Excessive video game use and high rates of video game addiction lead to much anguish from concerned parents. Many parents never saw the addictive pull of video games as an issue when they bought consoles for their kids or allowed them to have a computer in their bedrooms. I read a very interesting piece by writer, Scott Steinberg, on the major issues relating to children and video games.
He examines some of the most common concerns parents have about video games:
- Amount of Play Time
– Age Appropriateness
– Health and Obesity
– Safety Concerns
– Violence, Aggression and Misbehavior
The issue of particular interest to me was the video game addiction section. Video game addiction is not a term we hear very often, but I’m afraid it will be widely familiar in the next few years.
- Addiction– For some kids, there is a real danger of becoming too involved in playing games, or even in living too much of their lives in the virtual world of the Internet. In rare cases, true symptoms of addiction can develop, and such kids can require direct help from their parents, peers, and professionals to have a healthy, balanced life. While a change of environment and routine can sometimes be enough to break kids out of an addictive mindset, the reality is that it’s hard to prohibit kids from using technology on a regular basis, since it’s such an integral part of daily life. Many experts encourage parents to become more engaged in the addictive activity in an effort to better understand the problem and prospective solutions. They also encourage families to seek out professional help should children exhibit warning signs of addiction. Several of these warning signs, according to the Search Institute, an independent non-profit organization dedicated to creating healthy communities, and other sources, include:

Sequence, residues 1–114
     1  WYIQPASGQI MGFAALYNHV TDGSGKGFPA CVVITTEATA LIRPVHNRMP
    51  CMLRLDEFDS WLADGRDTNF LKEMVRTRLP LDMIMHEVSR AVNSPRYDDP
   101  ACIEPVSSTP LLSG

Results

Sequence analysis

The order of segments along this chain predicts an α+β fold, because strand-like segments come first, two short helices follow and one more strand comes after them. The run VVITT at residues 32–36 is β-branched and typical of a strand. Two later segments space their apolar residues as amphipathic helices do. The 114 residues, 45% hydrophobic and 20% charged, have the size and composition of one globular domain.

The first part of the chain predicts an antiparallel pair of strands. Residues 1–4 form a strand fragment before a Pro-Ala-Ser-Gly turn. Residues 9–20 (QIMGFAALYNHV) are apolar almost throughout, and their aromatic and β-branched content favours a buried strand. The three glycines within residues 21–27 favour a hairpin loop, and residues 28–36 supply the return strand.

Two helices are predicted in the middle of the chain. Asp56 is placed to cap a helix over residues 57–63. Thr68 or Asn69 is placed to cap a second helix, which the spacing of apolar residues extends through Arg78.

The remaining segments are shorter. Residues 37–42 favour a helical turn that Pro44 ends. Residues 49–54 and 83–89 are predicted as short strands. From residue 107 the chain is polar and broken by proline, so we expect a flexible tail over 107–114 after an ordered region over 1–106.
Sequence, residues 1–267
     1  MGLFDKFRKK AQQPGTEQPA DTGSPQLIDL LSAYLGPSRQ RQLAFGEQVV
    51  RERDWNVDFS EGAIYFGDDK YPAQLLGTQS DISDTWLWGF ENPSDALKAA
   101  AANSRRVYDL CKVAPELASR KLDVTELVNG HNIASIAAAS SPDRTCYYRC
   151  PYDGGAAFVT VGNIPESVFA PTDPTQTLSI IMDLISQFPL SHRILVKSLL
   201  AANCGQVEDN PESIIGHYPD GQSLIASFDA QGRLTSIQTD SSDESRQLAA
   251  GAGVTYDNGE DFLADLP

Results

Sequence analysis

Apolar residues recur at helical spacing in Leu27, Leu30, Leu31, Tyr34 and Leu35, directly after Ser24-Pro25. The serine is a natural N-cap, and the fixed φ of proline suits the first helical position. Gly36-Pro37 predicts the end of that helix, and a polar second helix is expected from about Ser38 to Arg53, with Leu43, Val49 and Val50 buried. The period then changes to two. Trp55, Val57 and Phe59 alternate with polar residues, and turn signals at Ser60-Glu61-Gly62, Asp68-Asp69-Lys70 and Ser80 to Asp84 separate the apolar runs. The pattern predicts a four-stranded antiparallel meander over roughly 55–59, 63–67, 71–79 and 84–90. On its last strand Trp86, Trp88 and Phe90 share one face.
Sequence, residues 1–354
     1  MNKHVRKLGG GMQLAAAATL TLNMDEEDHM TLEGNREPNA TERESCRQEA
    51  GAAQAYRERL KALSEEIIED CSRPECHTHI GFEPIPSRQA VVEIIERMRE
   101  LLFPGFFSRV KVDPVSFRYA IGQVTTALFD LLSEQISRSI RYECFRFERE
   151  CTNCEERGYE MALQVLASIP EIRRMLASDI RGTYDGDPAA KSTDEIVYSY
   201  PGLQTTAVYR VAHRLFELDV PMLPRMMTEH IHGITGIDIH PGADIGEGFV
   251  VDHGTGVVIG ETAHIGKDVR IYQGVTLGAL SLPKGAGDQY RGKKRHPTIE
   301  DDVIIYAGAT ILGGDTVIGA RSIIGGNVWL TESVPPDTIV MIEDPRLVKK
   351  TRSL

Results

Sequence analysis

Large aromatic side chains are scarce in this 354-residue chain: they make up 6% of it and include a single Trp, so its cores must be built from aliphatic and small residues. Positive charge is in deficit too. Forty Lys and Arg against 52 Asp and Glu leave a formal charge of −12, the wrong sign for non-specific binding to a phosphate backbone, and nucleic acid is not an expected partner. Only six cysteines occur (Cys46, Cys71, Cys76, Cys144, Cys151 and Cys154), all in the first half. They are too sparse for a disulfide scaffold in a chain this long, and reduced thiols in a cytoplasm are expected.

- Playing for increasing amounts of time
- Lying to family and friends about video game usage
- Thinking about gaming during other activities
- Using video games to escape from real-life problems or bad feelings, as well as anxiety or depression
- Becoming restless or irritable when attempting to stop playing video games
- Skipping homework in order to play video games
- Doing poorly on a school assignment or test because of time spent playing video games
I urge parents to spot the signs before the addiction gets completely out of hand. It may even be worth reading Mr. Steinberg’s book, “The Modern Parent’s Guide to Kids and Video Games,” which will be free to download at www.ParentsGuideBooks.com in February 2012.